Senate panel hears BAHEP president on importance of International Space Station funding after 2024

BAHEP President Bob Mitchell

The Bay Area Houston Economic Partnership has been an avid supporter of NASA, and specifically of the missions of the NASA’s Johnson Space Center, for decades. Elected officials and the media often consult with BAHEP President Bob Mitchell to share his expertise in regard to the aerospace industry.

In May 2018, Sen. Ted Cruz, chairman of the Space, Science, and Competitiveness Subcommittee of the U.S. Senate Committee on Commerce, Science, and Transportation invited Mitchell to provide testimony before his subcommittee regarding the International Space Station.

Given just five minutes to state his support for federal funding for the ISS beyond 2025, Mitchell testified before the subcommittee on June 6, 2018. Following is his testimony in full.

Chairman Cruz, Ranking Member Nelson, distinguished members of the committee:

Thank you for the opportunity to be here today and to testify on the important topic of the International Space Station.

I serve as the president of the Bay Area Houston Economic Partnership, a member-driven, 501(c)( 6) nonprofit economic development organization located just outside the gates of the Johnson Space Center in Bay Area Houston. We have over 268 members, which include a diverse mix of businesses in aerospace, medical, life sciences, petrochemicals, and maritime.

We also are proud to work on initiatives that contribute to the economic growth of the 13 cities and two counties in the area around the Johnson Space Center. Although aerospace companies make up a fraction of our membership, the entire business community understands and values the contributions of NASA and the space community in making all of our lives better.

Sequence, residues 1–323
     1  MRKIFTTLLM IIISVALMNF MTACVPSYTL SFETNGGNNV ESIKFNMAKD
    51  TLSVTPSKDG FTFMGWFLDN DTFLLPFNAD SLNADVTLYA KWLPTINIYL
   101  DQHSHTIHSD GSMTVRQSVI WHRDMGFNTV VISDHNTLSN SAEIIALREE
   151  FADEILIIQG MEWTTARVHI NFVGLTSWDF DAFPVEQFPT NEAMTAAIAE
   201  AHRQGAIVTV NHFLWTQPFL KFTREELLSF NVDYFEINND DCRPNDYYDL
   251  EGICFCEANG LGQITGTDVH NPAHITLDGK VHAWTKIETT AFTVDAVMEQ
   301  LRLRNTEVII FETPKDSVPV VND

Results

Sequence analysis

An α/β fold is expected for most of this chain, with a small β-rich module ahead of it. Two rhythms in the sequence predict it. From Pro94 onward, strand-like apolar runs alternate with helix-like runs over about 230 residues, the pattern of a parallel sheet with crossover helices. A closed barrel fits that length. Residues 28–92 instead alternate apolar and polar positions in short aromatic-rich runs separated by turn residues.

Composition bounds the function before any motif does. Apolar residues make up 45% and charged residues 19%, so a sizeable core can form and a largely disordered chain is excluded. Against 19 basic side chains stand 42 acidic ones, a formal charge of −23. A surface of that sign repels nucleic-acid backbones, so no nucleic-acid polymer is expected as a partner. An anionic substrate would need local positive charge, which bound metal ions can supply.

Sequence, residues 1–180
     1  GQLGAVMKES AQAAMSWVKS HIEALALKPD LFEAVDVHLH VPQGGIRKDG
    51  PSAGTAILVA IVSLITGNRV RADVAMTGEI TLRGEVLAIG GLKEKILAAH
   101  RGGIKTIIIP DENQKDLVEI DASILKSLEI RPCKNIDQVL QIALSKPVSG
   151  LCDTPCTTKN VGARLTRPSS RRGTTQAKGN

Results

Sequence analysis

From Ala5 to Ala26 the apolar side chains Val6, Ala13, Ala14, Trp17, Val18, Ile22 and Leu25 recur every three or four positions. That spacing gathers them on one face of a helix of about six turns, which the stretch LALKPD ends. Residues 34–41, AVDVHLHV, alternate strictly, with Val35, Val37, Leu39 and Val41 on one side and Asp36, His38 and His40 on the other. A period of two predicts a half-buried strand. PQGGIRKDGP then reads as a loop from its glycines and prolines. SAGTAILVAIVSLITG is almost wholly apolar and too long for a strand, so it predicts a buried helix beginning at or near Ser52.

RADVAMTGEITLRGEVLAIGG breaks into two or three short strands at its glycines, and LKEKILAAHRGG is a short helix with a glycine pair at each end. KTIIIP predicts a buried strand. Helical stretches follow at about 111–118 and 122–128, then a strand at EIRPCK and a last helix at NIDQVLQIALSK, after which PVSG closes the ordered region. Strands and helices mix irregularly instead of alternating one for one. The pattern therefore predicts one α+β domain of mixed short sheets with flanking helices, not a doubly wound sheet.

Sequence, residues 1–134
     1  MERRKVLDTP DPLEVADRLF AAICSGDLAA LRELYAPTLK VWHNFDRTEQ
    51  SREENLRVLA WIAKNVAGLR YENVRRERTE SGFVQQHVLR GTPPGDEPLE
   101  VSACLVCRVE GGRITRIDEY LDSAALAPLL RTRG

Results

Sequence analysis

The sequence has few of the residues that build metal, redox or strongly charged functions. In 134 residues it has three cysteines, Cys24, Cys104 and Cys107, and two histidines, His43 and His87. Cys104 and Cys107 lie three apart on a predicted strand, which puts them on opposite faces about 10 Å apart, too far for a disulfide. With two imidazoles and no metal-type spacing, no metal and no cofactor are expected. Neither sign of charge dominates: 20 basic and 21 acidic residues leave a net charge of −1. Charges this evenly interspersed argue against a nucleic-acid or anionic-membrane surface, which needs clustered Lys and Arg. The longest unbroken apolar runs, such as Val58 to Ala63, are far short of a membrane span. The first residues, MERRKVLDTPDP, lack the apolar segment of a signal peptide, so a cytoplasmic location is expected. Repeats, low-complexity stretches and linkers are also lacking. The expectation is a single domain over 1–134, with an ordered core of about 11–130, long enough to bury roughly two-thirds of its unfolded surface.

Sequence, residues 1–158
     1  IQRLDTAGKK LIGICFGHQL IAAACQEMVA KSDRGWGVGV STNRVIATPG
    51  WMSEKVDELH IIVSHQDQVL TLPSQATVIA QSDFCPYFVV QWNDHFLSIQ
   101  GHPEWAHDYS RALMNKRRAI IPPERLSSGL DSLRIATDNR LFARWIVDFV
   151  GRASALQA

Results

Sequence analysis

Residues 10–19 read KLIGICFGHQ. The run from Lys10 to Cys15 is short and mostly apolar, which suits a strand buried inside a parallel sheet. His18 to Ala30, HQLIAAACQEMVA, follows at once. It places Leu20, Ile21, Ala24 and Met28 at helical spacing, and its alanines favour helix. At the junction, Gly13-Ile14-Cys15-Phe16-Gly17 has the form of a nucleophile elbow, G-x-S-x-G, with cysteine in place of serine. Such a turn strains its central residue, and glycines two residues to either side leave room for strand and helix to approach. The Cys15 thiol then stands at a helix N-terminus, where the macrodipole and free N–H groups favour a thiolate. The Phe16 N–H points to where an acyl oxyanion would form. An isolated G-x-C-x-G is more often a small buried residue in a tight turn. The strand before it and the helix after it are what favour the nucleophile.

The ISS is a critical element of the work performed in Houston at the Johnson Space Center and the backbone to maintaining a number of key elements of our success in human spaceflight: the astronaut corps, mission control, countless technical resources, and world-class researchers. The Johnson Space Center offers an unparalleled national capability that has been built over decades of experience. The loss of or weakening of its capabilities would have dramatic implications to our outcomes in deep space exploration.

The Return on Investment (ROI) on the ISS can be calculated in many ways. It is difficult to quantify the exact dollar value of many of these returns, but the overall impact is undeniable. The International Space Station – by its design and enactment – has established the foundation for sustained generation of technology that improves life on earth.

Each year, spinoffs like new drugs, materials, and scientific technology become licensed and begin generating new revenue streams for companies large and small.

Beyond the ability to show an ROI, the International Space Station positions us to tackle the challenge of deep space by buying down cost and risk now to give missions to the Moon and Mars a head start. The station is a critical, inexpensive test bed for exploration hardware that needs to work perfectly on its first live mission. It allows us to test, tweak, and perfect life support systems, radiation abatement methods, and other advanced materials. These breakthroughs will eventually make it from the launch pad into our homes and businesses across America.